European Union Bans Syrian Oil Imports
Following the reported killing of 13 civilian protesters, the European Union (EU) has decided to ban imports of Syrian oil. Syrian President Bashar Assad’s regime has been murdering civilians since the outset of the uprising five months ago, and apparently Europe has had enough. The ban will drain the regime of millions of dollars per day in oil revenues.
The United Nations (UN) estimates that 2,200 people have been killed since the uprising in Syria began. Most recently, protesters have been marching under the slogan, “Death Rather Than Humiliation.” While the protesters have typically sought peaceful anti-regime demonstrations, they have faced an onslaught of bullets from government forces. Recent weeks have marked a shift in that sentiment, however, as protesters are now calling on their fellow Syrians to take up arms and inviting foreign military aid to defeat Assad’s regime.
SEE OTHER TOP STORIES IN THE WDM CONTENT NETWORK
Damascus earns about 28 percent of its total revenue from selling oil to countries like France, Germany, Italy and the Netherlands. Syria exports roughly 150,000 barrels of oil per day, mostly to Europe. The country earned a total of 3.1 billion euros ($4.4 billion) selling oil to the EU in 2010, accounting for 1.5 percent of the EU’s total crude imports that year.
“The impact of the ban in terms of EU oil supply is very minimal, but the impact on the financing of the Syrian regime is quite substantial,” says EU trade spokesman John Clancy.
However, with Syria’s regime reportedly receiving aid from Iran, analysts fear that sanctions alone will not be enough to coax a peaceful settlement to the protests. The EU has also imposed bans on European banks from opening credit lines for Syrian oil sales and has prohibited European insurance companies from insuring Syrian cargo.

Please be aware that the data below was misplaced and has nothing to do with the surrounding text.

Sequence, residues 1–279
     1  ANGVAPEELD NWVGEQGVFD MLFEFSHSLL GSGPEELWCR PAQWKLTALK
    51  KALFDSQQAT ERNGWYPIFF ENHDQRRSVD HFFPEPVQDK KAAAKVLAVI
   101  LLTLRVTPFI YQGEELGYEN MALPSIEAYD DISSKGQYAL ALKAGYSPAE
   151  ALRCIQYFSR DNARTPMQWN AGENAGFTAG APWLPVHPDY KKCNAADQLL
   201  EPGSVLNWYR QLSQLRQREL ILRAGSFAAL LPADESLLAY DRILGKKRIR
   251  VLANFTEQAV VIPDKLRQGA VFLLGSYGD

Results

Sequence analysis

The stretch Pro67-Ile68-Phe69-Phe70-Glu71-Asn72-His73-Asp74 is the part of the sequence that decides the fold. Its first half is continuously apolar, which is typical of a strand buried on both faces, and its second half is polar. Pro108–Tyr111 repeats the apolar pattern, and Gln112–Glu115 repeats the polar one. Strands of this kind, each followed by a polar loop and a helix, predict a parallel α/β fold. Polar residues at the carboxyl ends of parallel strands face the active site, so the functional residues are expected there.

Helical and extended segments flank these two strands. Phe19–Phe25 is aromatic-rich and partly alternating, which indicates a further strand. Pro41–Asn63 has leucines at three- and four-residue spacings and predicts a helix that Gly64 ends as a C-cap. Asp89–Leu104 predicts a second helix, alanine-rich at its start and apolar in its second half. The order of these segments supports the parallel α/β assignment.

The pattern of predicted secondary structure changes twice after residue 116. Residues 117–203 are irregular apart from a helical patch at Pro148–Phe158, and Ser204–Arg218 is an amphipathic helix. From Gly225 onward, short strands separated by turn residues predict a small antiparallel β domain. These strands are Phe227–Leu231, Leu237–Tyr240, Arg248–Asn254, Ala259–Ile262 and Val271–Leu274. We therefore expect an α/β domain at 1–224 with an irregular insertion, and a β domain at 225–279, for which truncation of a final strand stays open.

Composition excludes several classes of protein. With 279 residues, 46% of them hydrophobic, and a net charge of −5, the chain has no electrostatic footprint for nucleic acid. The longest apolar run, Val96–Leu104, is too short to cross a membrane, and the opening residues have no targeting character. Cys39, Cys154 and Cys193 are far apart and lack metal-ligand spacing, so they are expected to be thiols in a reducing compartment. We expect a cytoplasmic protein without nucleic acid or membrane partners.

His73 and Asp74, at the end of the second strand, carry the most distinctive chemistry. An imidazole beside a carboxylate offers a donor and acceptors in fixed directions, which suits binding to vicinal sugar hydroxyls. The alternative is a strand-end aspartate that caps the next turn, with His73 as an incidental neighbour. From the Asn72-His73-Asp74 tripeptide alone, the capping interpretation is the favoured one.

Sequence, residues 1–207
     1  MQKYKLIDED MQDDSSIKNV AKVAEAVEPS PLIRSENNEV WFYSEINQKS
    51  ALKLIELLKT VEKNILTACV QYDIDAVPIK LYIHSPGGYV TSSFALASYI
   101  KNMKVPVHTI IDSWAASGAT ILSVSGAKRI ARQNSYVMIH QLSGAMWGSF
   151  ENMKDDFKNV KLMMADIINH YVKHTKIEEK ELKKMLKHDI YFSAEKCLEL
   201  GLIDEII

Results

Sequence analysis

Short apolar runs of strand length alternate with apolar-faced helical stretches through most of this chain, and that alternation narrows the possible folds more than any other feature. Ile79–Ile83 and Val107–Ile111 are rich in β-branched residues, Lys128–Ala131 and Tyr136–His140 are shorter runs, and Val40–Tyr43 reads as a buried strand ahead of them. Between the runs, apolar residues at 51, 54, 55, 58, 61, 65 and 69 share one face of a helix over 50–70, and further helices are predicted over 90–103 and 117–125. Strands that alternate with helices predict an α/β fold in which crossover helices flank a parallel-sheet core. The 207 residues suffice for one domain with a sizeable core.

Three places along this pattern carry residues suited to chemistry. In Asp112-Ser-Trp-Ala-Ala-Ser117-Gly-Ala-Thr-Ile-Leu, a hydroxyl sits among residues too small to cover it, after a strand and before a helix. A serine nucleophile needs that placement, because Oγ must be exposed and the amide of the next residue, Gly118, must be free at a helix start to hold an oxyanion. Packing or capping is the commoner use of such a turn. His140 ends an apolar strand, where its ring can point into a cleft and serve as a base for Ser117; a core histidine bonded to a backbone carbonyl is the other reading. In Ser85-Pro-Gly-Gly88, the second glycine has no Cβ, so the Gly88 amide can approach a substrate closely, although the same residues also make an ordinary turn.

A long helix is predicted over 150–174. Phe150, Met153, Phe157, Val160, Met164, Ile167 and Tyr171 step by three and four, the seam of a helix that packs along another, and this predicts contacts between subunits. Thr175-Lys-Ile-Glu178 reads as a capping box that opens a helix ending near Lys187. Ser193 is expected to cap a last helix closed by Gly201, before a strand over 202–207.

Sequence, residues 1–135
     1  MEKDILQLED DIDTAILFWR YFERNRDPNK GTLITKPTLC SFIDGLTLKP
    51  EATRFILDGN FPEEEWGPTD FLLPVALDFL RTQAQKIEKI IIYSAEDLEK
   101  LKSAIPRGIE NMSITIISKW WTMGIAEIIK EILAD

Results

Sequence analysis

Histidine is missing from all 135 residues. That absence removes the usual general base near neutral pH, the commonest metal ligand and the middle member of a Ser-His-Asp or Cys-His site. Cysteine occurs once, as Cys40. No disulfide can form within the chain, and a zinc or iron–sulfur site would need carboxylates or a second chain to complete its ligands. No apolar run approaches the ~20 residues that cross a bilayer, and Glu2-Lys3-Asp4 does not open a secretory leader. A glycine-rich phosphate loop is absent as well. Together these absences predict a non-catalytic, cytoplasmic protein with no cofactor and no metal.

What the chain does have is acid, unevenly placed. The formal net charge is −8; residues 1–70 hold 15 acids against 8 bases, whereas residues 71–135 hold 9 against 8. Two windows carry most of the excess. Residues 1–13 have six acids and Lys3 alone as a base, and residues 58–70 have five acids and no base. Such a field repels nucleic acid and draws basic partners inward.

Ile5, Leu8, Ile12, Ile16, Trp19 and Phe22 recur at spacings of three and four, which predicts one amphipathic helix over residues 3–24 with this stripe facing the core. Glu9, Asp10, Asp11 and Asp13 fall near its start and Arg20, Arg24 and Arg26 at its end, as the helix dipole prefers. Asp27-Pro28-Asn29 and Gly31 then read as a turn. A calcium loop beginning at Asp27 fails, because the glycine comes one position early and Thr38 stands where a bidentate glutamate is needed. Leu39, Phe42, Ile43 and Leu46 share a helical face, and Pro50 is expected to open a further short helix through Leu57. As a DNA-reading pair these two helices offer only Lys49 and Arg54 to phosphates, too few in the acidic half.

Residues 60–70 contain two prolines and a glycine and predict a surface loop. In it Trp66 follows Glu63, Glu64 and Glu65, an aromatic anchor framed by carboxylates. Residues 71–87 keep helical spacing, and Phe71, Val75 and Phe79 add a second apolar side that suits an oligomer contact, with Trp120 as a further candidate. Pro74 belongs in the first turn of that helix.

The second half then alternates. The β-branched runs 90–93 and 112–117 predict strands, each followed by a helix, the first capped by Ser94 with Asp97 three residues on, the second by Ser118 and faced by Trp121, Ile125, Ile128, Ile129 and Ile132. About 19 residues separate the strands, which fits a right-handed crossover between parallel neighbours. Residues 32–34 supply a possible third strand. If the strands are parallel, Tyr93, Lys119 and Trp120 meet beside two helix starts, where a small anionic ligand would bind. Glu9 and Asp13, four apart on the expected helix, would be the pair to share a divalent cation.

Hydrostor receives $4m funding for A-CAES facility in Canada
Hydrostor has received $4m funding to develop a 300-500MW Advanced Compressed Air Energy Storage (A-CAES) facility in Canada.
The funding will be used to complete essential engineering and planning, and enable Hydrostor to plan construction.
The project will be modeled on Hydrostor’s commercially operating Goderich storage facility, providing up to 12 hours of energy storage.
Hydrostor’s A-CAES system supports Canada’s green economic transition by designing, building, and operating emissions-free energy storage facilities, and employing people, suppliers, and technologies from the oil and gas sector.
The Honorable Seamus O’Regan, Jr. Minister of Natural Resources, said: “Investing in clean technology will lower emissions and increase our competitiveness. This is how we get to net zero by 2050.”
A-CAES has the potential to lower greenhouse gas emissions by enabling the transition to a cleaner and more flexible electricity grid. Specifically, the low-impact and cost-effective technology will reduce the use of fossil fuels and will provide reliable and bankable energy storage solutions for utilities and regulators, while integrating renewable energy for sustainable growth.
Curtis VanWalleghem, Hydrostor’s Chief Executive Officer, said: “We are grateful for the federal government’s support of our long duration energy storage solution that is critical to enabling the clean energy transition. This made-in-Canada solution, with the support of NRCan and Sustainable Development Technology Canada, is ready to be widely deployed within Canada and globally to lower electricity rates and decarbonize the electricity sector."
The Rosamond A-CAES 500MW Project is under advanced development and targeting a 2024 launch. It is designed to turn California’s growing solar and wind resources into on-demand peak capacity while allowing for closure of fossil fuel generating stations.
Hydrostor closed US$37 million (C$49 million) in growth financing in September 2019.